The 13th East Africa Heads of States Summit meeting yesterday rejected Sudan’s application to join the EAC, while opening the door to South Sudan to join the regional bloc. Uganda and Tanzania had earlier objected to Sudan’s application over its practise of Sharia law, mistreatment of women and questionable democratic credentials but it was a clause in the EAC Treaty that requires geographical proximity that was used to keep the applicant out.
Khartoum could still join the EAC after South Sudan, whose belated application was forwarded to the Council of Ministers for consideration next year. Presidents Museveni, Mwai Kibaki of Kenya, Pierre Nkurunzinza of Burundi and representatives of Tanzania and Rwanda, whose presidents were absent, agreed upon yesterday’s final communiqué. “The Summit observed that this application does not meet the criterion on geographical proximity and contiguity and cannot therefore be considered at this point in time,” EAC Secretary General Richard Sezibera, said as he read the communiqué.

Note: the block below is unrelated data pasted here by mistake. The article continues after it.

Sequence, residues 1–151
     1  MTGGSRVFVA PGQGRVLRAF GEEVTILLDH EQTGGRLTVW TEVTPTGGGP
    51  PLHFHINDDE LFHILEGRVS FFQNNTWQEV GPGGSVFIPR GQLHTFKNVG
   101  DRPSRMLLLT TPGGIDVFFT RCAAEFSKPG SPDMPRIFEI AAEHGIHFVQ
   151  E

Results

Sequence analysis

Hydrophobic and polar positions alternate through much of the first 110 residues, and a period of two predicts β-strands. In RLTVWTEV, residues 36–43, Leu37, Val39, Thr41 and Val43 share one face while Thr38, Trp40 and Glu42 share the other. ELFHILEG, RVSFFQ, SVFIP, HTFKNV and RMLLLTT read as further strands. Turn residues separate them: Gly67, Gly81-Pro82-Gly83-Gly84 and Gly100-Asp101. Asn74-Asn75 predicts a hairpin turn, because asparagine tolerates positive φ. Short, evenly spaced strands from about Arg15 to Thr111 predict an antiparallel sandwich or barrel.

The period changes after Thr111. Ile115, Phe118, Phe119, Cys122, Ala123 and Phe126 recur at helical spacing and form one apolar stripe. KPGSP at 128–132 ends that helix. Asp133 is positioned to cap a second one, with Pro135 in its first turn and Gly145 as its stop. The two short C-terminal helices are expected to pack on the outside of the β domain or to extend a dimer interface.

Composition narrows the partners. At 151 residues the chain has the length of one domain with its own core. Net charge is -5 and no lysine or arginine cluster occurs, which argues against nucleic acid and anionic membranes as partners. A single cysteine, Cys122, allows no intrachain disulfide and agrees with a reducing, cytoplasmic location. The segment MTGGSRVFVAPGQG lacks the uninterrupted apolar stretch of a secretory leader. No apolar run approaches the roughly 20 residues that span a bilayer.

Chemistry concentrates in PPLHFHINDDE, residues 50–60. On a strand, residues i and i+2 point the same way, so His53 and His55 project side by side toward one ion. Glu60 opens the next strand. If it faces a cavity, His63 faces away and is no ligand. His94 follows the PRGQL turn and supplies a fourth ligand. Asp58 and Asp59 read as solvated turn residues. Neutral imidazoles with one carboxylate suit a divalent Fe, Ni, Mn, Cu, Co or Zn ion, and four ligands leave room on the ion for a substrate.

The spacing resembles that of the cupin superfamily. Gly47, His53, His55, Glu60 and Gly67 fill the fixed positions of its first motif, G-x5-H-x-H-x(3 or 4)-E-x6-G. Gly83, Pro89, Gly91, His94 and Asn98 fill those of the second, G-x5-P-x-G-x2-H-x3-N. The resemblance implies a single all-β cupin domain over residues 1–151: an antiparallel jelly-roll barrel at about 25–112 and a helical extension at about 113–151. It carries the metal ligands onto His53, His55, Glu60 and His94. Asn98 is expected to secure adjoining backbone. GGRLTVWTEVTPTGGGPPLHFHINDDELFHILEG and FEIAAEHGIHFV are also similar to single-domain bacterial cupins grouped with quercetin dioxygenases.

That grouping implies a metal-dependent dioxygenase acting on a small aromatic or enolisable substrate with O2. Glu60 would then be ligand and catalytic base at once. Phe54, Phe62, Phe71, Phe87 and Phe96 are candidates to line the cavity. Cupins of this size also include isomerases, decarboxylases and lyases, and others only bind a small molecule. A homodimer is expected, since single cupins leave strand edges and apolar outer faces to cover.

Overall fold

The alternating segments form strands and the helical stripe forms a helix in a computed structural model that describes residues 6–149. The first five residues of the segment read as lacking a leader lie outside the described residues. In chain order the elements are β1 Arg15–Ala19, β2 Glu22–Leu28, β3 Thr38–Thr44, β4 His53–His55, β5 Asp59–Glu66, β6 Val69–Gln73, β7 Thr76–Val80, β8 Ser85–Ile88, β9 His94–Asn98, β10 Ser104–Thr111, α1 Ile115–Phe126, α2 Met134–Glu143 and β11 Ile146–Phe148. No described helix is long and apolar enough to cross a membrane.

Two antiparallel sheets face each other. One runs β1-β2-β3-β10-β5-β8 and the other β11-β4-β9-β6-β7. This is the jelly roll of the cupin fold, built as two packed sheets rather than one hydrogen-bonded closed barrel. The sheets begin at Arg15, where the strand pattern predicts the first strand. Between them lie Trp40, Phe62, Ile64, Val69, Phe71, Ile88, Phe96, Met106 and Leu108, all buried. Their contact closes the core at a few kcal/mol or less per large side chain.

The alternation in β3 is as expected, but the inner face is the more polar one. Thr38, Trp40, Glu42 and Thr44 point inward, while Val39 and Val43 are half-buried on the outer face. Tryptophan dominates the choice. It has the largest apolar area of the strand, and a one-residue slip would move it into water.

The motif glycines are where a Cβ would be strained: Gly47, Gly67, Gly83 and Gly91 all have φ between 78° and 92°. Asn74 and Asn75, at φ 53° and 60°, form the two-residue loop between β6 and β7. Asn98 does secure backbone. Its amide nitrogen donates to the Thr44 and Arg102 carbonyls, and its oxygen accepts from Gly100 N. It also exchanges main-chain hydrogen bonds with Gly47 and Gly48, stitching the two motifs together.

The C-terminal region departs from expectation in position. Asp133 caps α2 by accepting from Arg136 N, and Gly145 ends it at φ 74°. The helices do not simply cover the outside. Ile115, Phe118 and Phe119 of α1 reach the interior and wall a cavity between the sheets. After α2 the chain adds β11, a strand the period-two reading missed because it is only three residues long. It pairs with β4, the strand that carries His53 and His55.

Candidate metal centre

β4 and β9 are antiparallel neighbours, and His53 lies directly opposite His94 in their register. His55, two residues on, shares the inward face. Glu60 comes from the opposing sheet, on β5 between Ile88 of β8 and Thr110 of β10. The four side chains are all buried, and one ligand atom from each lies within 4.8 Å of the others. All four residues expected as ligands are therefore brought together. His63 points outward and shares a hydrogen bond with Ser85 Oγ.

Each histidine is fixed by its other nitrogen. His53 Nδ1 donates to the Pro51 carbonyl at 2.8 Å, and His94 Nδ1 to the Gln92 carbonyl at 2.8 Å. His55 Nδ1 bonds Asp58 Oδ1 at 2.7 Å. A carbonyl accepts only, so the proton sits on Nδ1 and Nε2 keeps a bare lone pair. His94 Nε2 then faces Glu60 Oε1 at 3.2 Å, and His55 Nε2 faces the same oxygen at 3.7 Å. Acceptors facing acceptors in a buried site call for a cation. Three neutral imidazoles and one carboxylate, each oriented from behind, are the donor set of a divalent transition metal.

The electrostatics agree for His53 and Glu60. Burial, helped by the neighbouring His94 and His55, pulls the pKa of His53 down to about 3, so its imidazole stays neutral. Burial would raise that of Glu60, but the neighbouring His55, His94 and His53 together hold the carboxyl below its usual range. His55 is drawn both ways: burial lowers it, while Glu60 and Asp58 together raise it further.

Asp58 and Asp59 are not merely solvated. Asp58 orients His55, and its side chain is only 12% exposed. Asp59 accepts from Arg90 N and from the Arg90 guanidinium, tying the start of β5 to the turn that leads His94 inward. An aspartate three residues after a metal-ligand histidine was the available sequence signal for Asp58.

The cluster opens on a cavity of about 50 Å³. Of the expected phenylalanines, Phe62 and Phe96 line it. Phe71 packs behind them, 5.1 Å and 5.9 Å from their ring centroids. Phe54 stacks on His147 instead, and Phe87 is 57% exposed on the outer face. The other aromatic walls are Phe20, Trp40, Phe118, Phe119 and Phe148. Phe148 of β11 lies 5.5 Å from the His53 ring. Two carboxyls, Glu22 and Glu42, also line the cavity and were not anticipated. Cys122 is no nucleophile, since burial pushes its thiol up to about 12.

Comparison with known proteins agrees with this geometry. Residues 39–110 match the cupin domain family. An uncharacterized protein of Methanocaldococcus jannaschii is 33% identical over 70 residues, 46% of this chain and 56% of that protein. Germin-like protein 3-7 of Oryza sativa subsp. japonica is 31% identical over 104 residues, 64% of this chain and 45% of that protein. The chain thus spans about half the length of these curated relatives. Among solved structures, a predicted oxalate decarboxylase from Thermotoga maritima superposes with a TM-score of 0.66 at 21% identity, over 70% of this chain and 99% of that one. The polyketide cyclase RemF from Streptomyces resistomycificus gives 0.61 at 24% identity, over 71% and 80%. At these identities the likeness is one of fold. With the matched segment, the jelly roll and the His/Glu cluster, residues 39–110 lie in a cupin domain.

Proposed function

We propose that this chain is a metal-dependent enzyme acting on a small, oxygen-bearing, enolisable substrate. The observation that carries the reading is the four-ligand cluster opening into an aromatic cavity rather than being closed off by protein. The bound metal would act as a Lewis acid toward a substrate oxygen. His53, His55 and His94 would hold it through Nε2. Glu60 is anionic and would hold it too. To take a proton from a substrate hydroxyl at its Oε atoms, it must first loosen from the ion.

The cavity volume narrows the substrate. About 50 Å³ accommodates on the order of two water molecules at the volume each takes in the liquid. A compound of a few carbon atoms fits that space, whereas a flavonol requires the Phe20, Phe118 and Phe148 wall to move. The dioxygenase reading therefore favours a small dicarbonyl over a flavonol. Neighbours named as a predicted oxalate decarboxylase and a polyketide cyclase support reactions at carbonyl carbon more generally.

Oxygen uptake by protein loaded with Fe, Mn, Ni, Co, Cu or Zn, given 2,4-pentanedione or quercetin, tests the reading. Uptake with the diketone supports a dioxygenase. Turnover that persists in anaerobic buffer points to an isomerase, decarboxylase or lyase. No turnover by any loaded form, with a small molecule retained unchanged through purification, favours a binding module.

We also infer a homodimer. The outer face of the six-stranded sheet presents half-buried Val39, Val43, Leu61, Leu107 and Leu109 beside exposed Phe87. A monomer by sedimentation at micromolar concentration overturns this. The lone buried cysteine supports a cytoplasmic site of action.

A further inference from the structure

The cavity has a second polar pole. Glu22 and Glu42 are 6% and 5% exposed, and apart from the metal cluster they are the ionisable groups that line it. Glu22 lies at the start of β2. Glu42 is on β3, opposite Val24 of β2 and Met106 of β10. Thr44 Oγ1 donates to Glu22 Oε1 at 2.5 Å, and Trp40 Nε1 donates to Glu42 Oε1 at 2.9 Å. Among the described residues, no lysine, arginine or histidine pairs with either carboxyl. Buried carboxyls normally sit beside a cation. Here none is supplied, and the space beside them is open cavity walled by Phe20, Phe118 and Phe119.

Taking over the rotational chair of the Summit, President Kibaki asked the United Nations Security Council to take serious steps towards stabilisation of Somalia because the threats from al-Shabaab militants continue to spill over into the whole region. “Our economies continue to face serious challenges arising from the breakdown of the rule of law in Somalia,” he said. Meanwhile, President Museveni’s delegation took extra precautions attributed to the risk of attack by al-Shabaab.
While President Kibaki travelled in a Burundi government vehicle, President Museveni had three armoured Ugandan-registered cars in his convoy and left early for what his host said was another engagement. “You know our President is threatened especially by the al-Shabaab, and Burundi is a threatened place because of the role our two armies are doing in Somalia,” a Ugandan minister in Bujumbura said, speaking on condition of anonymity.